By Laura Freeman
Years of working from goal to goal is a near universally shared experience for those who choose to become a physician. Once established in a busy practice, the focus tends to shift from what comes next to the here and now
However, even for physicians in the early years of their career, it’s good to continue thinking about the future and considering how you might respond if the unexpected comes along. Like patients, physicians are equally at risk for illnesses, injuries and family issues that can be career limiting. If your spouse is transferred to another city, or you become interested in a subspecialty or procedure that requires more training, or if you decide to move to a practice with a different culture or more opportunities, how would you adapt?
For many physicians, succession is a topic that only comes up as they approach retirement.
“The best time to begin succession planning depends on your specialty, how many people are in your practice to share the load in transition, and where your practice is located,” Georgina Perry, CPA, CMPE , Director of Physician Services for Carr, Riggs and Ingram LLC said. “If you are in a popular specialty that is graduating a lot of medical students, finding someone to fill your space is easier. However, if you are in primary care, there is already a physician shortage and finding a candidate could take a while. This is especially true in rural and underserved areas.
“Before recruiting begins, it also helps to consider the additional roles you play in your practice and the qualities that a candidate would need to fill those roles. For example, in addition to being a physician, you may have a leadership role in practice management. Leadership and management abilities would be desirable in your ideal candidate.
“The more active phase of succession planning typically begins from three to five years before retirement. The first step in the formal succession process is notifying partners and practice managers that you are planning to retire and when.
“Before our clients announce their plans to retire, we like to put them in touch with a personal financial planner who can review the assets they have in place for retirement, and help them work out a budget that will allow them to live the life they want and do the things they’ve looked forward to doing.”
Many of the details involved in transferring the value of your shares of the practice to your personal assets will be governed by the partnership agreement or other contracts that were set up when you joined the practice. Some physicians work as employees rather than as partners and you only need to give notice that you are leaving. Others own shares that are sold back to the practice. In both cases, the practice will then be responsible for finding a successor.
“Some physicians, including solo practitioners, will need to find someone to buy out their share of a practice,” Perry said. “Although you may be responsible for recruiting and sale, if you have partners, be aware that they will be the people working with the new person and may want to have input on whether the new physician is a good fit.”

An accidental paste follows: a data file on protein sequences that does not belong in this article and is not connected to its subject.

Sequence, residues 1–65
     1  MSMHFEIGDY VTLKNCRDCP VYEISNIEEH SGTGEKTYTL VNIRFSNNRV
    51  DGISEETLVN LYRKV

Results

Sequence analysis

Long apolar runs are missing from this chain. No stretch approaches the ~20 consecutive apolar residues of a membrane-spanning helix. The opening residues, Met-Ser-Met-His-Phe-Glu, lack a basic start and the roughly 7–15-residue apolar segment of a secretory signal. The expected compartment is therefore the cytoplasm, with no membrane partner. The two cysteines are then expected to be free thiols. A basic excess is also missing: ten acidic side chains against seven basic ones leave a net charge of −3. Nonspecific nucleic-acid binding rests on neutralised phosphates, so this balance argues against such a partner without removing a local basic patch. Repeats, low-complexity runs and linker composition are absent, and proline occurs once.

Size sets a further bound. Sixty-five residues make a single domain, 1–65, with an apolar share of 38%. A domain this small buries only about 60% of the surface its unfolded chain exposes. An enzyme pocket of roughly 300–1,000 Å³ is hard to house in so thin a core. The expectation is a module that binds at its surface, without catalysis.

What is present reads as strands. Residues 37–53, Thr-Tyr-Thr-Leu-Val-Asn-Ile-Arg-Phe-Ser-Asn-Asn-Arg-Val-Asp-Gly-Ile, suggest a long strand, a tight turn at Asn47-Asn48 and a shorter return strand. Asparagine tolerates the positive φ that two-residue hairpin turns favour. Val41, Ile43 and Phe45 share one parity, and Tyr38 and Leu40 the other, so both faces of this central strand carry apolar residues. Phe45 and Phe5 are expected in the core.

Whether you will be selling your shares back to your practice group or selling it to the physician who will be taking over for you, it can help to consult with a medical practice financial specialist to work out a fair valuation and get advice on other business details.
Finding good candidates for recruitment can be challenging. You can begin by asking for recommendations from other physicians you know, contacting instructors at medical schools, or talking with the nursing and health professions staff at a teaching hospital to ask about physicians in training. Suppliers may also know physicians who might be interested in joining a group practice.
Being a guest lecturer, mentor or teaching a class at a medical school can acquaint you with candidates who will be looking to join a practice in a few years. Your practice could also offer internship opportunities. You could serve as an advisor for outreach programs, clinics and medical mission trips with participants who will soon be graduating.
“It’s often customary to stay on for a while during the transition to advise your replacement on fitting into the culture and using systems and equipment. You’ll introduce them to other physicians and the staff, and to providers who refer patients to you, along with physicians you refer your patients to.” Perry said.
On the personal side of succession planning, there’s more to consider about retirement than finances. The people who do best in retirement tend to think of it as retiring to something rather than retiring from. There are only so many hours a day to golf or fish before it becomes boring.
Will you travel? Make sure your passport is up to date and start looking at brochures. Some of the best trips are booked up to a year in advance.
“If you would like to continue using your skills and the wisdom you’ve learned as a physician, there are many ways to do it,” Perry said. “You can earn extra money for travel and other activities by reviewing files for insurance companies and attorneys. Volunteer at clinics or outreach programs. Mentor, teach or write a book or article on a topic that interests you. Work with local medical organizations or speak to community groups.”
If a local medical organization is putting together a mission trip to help needy people in Central America, go with them as a physician. Make a difference. See the world.
Whatever you choose to do in retirement, enjoy it. You’ve earned it.